The Oppidum of Saint Blaise is a "major archaeological site of the western Mediterranean," not that you'd know any such thing from the English-language literature. It is particularly frustrating in that it is a "town without a name." And this is in spite of it still being occupied in medieval times, when it was called Ugium. (Saint Blaise church, located on the site, provides it with a name.) Though we may be straining too hard over a perfectly good identification with Mastramela. In any case, the Saint-Blaise shows a familiar pattern of occupation from Neolithic times on, a flourishing through the Old to Final Bronze Age, and a re-emergence from obscurity in the Early Iron Age, about 650. The mystery, such as it is, is that it is not identified with any Greek colonies. Instead, the site shows both Greek and Etruscan imports, and although subject to urban planning, no Greek/Punic style sancturary  or public space can be identified. After much deliberation, science has determined that an open space in the centre was the site of a "strange and barbaric cult of display of human heads," as at Glanum. Colourful!

Mailhac and Roque de Viou are, as intimated when I first brought them up, precociously early, that is, Early Iron Age enclosed sites of arguably proto-urban character. The links will take you to French-language site reports that robustly resist the temptation to draw any untoward synthetic conclusions. Indeed, I've probably gone beyond what empirical science entitles me to say in calling them "proto-urban." Garcia and Bouffier refer to a possibly proto-hieroglyphic script at one of these sites, but instead of diving back into their work and following up today, I'm going to leave that hanging for the recap, when it comes, on account of Dr. Wilkins having something to say about that.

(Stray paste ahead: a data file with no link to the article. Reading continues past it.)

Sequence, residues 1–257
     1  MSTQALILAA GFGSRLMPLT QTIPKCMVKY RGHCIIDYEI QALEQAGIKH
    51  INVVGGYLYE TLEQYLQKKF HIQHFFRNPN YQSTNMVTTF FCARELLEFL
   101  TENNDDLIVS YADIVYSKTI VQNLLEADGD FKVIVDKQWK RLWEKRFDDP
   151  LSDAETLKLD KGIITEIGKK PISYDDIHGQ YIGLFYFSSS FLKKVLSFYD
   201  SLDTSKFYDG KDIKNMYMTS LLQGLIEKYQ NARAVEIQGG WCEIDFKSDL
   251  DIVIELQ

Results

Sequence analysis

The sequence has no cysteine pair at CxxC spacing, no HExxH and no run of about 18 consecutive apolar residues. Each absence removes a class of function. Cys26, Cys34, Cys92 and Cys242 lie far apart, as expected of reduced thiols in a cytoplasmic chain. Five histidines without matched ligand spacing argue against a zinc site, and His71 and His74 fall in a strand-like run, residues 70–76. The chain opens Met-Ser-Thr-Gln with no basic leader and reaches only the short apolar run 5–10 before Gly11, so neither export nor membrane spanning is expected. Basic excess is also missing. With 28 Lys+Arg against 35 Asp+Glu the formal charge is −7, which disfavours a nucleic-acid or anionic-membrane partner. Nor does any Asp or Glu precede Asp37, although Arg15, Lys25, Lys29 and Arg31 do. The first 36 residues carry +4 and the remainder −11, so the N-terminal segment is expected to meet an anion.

Source: By Unknown - Peter Northover. Permission granted, and email forwarded to permissions@wikipedia.orgphotograph at:, CC BY-SA 2.5,

The Vix Settlement, a "prehistoric Celtic complex" (here we're carefully avoiding "oppidum" in order to preserve a more technical meaning that cannot be applied this early, although the self-denying ordinance doesn't last through the full Wikipedia article), is a settlement on a typical steep, flat-topped hillsite dominating a Saone-Seine portage that presumably explains its extraordinary wealth in about 500BC. That is when this extraordinary, 200kg bronze krater was buried, along with many other fine grave goods, in the burial mound of the "Lady of Vix." The krater had a capacity of 1100 litres of watered wine, an extraordinary quantity to imagine being carried in two amphora slung saddlewise across a mule, but justified by the 40,000 potsherds found around Vix, including numerous pieces painted in the black Attic style. Ironically enough, this piece, found telescoped by the weight of the collapsing tumulus, is one of very few pieces of archaic bronzework to survive. Transported in three pieces and assembled at Vix, it is excellent evidence of the circulation of Mediterranean-trained experts. It is also spectacular evidence of the emergence of social hierarchy for the first time since the Final Bronze Age. The people who buried this woman buried a fortune with her, and this must have been seen as an investment in social status worth making. Elaborate sets of drinking equipment are fairly characteristic of "Celtic" "princely sites" of this period. The question, I suppose, is whether we are seeing evidence of the spread of the symposium culture that goes with it, and which you can arguably see in Early Chinese tradition on the other end of the continent, and perhaps for the same, diffusionist reasons. (Or. . . )